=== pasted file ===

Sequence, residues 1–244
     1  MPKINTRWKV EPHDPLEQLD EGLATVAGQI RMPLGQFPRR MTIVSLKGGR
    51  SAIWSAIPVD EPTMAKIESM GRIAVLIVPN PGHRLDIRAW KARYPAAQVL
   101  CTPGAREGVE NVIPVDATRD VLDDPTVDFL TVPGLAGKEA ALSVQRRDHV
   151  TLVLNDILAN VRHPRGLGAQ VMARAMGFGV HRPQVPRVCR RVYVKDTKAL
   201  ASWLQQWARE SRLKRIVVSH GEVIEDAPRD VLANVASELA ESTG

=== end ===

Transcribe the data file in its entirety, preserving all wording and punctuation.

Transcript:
Sequence, residues 1–244
     1  MPKINTRWKV EPHDPLEQLD EGLATVAGQI RMPLGQFPRR MTIVSLKGGR
    51  SAIWSAIPVD EPTMAKIESM GRIAVLIVPN PGHRLDIRAW KARYPAAQVL
   101  CTPGAREGVE NVIPVDATRD VLDDPTVDFL TVPGLAGKEA ALSVQRRDHV
   151  TLVLNDILAN VRHPRGLGAQ VMARAMGFGV HRPQVPRVCR RVYVKDTKAL
   201  ASWLQQWARE SRLKRIVVSH GEVIEDAPRD VLANVASELA ESTG